Great Ships Initiative: Final Report of Land-Based Freshwater Testing of a Ballast Water Treatment Involving Sodium Hypochlorite (NaOCl)

This Great Ships Initiative (GSI) technical report describes outcomes from land-based status tests of a ballast water treatment system (BWTS) developed by researchers from the National Parks of Lake Superior Foundation (NPLSF) and the Michigan Technological University (MTU) involving sodium hypochlorite (NaOCl), in the same formulation used for household bleach. The BWTS is proposed for emergency treatment of ballast water in tanks of Great Lakes vessels passing through the Welland Canal system of the St. Lawrence Seaway into the upstream lakes. Tests took place at GSI’s Land-Based Facility in Superior, Wisconsin, in October 2011 during which time GSI evaluated the BWTS for its ability to: (1) deliver a target concentration of chlorine (above natural chlorine demand) using a 6.15% NaOCl solution, and deliver the target concentration of neutralizer; (2) reduce densities of live organisms in intake water from prescribed threshold densities to below densities allowed by the Ballast Water Performance Standard of the International Maritime Organization (IMO) Convention; and (3) result in treatment water safe to discharge in terms of residual chlorine concentration and whole effluent toxicity (WET). Disinfection by products (DBPs) were also measured and reported. Overall, tests yielded mixed results. In terms of operational performance, GSI was able to accurately dose a sampled volume of water with 6.15 % NaOCl solution to a predetermined chlorine concentration by factoring in the natural chlorine demand. The neutralization process recommended by the BWTS developer did require additional neutralizer additions, which could be problematic in an actual shipboard situation. More research is needed on the effect of temperature and water quality on the ability of sodium bisulfite (NaHSO3) or a neutralization substitute to successfully neutralize NaOCl-treated water for BWTS application in the real-world. Second, the BWTS reduced live densities of organisms ? 50 ?m relative to control discharge. But BWTS live discharge densities were well above the IMO benchmark. The BWTS did reduce live densities of organisms > 10 and < 50 ?m minimum dimension to below benchmark levels within the IMO Convention, but intake densities of these organisms also were below IMO testing guidelines due to the late season timing of the tests. Finally, the treated and neutralized discharge water was found to be safe to discharge (though, in some cases only after multiple neutralization steps) and free from toxicity in WET tests. Measurable concentrations of DBP were found in the treatment discharge, specifically trihalomethanes and haloacetic acids. Overall, the GSI results show that the NaOCl BWTS both warrants and would benefit from further research and development on its potential as an emergency BWTS with relevancy in the Great Lakes.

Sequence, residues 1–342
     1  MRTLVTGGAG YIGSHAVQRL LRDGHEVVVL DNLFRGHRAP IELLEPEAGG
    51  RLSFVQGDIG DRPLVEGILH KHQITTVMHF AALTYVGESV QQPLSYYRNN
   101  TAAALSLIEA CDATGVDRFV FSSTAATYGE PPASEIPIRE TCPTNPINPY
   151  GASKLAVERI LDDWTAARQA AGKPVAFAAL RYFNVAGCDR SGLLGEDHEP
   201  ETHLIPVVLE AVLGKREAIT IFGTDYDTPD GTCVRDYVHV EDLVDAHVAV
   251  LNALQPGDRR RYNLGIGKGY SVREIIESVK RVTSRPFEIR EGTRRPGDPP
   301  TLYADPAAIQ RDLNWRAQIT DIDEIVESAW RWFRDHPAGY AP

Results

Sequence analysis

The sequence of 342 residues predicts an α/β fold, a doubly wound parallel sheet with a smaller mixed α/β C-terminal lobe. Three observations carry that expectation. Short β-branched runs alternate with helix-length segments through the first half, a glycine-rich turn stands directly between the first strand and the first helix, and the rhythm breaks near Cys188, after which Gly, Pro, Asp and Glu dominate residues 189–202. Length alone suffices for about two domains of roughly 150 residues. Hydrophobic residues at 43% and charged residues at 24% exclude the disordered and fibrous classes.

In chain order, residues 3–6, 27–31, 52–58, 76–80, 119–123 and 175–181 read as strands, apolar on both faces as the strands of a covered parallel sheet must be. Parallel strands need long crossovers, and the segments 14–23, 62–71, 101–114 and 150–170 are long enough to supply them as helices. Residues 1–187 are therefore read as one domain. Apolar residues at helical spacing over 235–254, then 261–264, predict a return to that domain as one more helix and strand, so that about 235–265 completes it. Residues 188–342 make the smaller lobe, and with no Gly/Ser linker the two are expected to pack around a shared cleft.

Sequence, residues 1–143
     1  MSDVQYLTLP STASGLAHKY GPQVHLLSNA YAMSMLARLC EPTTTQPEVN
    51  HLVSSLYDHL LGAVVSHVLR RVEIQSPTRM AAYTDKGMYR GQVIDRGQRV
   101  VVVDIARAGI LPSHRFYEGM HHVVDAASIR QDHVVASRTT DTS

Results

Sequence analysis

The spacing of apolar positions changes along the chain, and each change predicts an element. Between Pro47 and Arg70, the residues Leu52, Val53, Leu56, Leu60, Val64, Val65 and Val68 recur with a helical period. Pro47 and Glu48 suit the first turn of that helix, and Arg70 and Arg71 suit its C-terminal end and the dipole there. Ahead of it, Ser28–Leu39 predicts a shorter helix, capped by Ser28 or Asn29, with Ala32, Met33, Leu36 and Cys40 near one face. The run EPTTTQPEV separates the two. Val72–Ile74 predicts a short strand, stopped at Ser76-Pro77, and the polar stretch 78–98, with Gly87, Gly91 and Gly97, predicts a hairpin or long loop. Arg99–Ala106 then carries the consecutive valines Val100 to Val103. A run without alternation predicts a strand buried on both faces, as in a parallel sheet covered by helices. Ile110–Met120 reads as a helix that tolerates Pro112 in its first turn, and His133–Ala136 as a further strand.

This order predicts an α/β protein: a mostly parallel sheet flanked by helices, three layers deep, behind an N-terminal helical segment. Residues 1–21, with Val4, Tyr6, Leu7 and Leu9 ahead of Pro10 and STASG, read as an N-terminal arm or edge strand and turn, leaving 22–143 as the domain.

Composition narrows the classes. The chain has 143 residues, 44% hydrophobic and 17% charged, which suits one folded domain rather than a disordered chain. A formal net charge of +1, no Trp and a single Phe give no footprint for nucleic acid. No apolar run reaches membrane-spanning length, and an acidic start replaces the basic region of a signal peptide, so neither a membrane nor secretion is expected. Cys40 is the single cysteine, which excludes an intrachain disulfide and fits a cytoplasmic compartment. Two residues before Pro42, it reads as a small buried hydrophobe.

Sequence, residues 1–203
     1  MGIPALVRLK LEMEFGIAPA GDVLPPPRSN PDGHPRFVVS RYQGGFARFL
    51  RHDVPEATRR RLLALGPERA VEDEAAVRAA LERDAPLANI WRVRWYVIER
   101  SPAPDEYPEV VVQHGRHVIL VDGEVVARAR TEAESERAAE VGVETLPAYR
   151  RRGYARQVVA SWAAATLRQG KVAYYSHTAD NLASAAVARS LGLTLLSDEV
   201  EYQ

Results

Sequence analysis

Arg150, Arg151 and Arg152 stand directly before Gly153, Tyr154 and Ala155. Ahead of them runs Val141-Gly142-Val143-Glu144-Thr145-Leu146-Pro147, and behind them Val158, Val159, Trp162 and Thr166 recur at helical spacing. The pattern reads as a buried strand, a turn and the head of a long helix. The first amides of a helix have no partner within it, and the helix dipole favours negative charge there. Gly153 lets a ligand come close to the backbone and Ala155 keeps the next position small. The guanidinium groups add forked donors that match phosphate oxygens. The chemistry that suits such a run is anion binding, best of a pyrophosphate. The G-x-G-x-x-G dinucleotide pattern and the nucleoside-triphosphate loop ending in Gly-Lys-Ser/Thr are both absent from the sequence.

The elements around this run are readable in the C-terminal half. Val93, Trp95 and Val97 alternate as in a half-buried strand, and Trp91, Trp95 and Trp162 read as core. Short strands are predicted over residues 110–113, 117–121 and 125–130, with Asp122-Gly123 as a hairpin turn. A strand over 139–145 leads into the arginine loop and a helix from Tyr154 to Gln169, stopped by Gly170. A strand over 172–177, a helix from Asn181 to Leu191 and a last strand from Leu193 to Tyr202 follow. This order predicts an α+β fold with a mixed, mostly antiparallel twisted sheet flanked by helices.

2012 GSI Land Based Testing of Sodium Hypochlorite